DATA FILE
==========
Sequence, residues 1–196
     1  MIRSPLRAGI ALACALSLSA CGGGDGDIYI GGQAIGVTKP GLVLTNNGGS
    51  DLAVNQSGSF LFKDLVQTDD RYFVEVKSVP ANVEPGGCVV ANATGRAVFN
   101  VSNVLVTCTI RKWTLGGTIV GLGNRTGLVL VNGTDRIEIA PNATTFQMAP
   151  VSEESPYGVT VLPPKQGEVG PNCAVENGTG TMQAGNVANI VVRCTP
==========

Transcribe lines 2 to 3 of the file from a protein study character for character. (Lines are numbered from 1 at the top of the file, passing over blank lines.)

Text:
     1  MIRSPLRAGI ALACALSLSA CGGGDGDIYI GGQAIGVTKP GLVLTNNGGS
    51  DLAVNQSGSF LFKDLVQTDD RYFVEVKSVP ANVEPGGCVV ANATGRAVFN